At times one of the weakest fantasy positions, second base is currently enjoying a resurgence.
Featuring a large cast of productive options with a variety of skill sets, the keystone position has the necessary depth for fantasy owners to fill their second-base spot in the early or middle rounds of mixed-league drafts.
Not only did Altuve raise his power game to another level last season (career-high 24 home runs), but he also remained one of baseball's best contact hitters (.338 average). And though the Astros sparkplug finished with a full-season low in stolen bases (30), he still reached the 30-steal plateau for the fifth straight year -- something no other big leaguer has accomplished in that span. Able to offer stellar production across the board, Altuve is among the safest and most balanced first-round options at any position.
The second tier offers four powerful options, with each coming off a career high in home runs.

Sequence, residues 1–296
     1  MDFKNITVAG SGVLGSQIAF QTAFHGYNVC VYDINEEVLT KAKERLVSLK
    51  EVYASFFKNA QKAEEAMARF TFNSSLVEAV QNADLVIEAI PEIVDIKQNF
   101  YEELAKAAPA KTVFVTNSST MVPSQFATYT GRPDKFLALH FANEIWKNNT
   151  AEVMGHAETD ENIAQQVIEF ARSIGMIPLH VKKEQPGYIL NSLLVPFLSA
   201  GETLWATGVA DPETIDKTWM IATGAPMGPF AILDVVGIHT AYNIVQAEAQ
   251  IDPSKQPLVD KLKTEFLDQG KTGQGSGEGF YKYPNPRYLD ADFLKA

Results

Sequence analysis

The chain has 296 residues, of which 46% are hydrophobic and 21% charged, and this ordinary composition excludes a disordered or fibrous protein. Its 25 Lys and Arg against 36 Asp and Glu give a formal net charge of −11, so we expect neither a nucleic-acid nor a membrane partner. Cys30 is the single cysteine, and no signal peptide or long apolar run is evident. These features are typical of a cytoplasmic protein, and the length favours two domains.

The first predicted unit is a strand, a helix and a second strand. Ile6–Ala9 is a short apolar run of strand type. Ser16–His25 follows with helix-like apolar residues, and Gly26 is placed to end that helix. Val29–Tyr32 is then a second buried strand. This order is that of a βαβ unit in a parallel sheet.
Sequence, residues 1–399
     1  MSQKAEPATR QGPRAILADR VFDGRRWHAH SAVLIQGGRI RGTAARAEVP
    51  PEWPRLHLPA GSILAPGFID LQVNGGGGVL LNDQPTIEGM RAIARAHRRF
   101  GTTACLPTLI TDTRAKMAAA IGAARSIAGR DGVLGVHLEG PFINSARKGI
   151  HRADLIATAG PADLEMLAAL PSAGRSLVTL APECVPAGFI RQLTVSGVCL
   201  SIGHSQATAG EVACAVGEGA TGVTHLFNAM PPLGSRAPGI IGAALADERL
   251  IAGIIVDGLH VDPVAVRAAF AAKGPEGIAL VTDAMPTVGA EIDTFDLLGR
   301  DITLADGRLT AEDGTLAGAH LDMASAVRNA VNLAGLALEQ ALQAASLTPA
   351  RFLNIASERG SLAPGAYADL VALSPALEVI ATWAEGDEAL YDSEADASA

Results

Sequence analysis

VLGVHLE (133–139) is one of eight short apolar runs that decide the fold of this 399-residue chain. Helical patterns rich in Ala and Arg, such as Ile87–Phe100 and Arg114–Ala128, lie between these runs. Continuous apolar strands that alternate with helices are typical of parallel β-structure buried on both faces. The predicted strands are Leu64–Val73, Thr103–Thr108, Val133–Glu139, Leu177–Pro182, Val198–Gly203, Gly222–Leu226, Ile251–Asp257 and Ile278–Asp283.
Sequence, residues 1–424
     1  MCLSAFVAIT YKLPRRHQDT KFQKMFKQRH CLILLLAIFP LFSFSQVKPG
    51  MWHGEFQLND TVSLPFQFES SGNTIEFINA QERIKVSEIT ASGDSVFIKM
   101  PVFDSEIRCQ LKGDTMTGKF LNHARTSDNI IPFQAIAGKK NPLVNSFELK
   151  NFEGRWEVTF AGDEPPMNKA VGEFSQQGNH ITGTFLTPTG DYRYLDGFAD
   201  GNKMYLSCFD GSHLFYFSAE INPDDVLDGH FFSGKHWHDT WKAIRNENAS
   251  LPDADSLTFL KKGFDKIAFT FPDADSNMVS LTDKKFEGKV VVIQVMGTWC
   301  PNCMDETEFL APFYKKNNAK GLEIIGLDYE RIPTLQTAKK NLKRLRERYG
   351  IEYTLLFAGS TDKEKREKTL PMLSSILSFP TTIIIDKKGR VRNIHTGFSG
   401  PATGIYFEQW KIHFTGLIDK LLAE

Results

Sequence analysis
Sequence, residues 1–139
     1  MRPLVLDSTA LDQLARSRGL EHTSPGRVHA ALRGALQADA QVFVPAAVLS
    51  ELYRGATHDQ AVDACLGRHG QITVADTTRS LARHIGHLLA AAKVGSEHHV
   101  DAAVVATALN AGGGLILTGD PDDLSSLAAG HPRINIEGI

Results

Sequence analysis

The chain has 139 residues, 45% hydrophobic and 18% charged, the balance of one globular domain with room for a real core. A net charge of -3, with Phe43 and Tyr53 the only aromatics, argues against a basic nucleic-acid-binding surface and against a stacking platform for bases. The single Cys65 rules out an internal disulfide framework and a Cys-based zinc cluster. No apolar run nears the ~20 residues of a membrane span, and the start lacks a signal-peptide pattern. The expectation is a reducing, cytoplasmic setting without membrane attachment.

After averaging 18 home runs and 80 RBIs during his initial two seasons with the Mariners, Cano hit 39 roundtrippers and finished as one of two second basemen with at least 100 RBIs last season. Although he may see his homer tally fall thanks to expected regression in the HR/FB rate arena (19.3 percent in 2016), the lifetime .307 hitter -- who most recently went on the disabled list in '06 -- is firmly entrenched as one of the game's most dependable producers.
Odor emerged as one of the best all-around assets at the keystone position last season, finishing as one of just four big leaguers to produce at least 30 homers, 85 RBIs, 85 runs and 10 stolen bases. Still just 23 years old, Odor could make small plate-discipline strides (0.1 BB/K ratio in 2016) and post even greater counting-stat totals this year.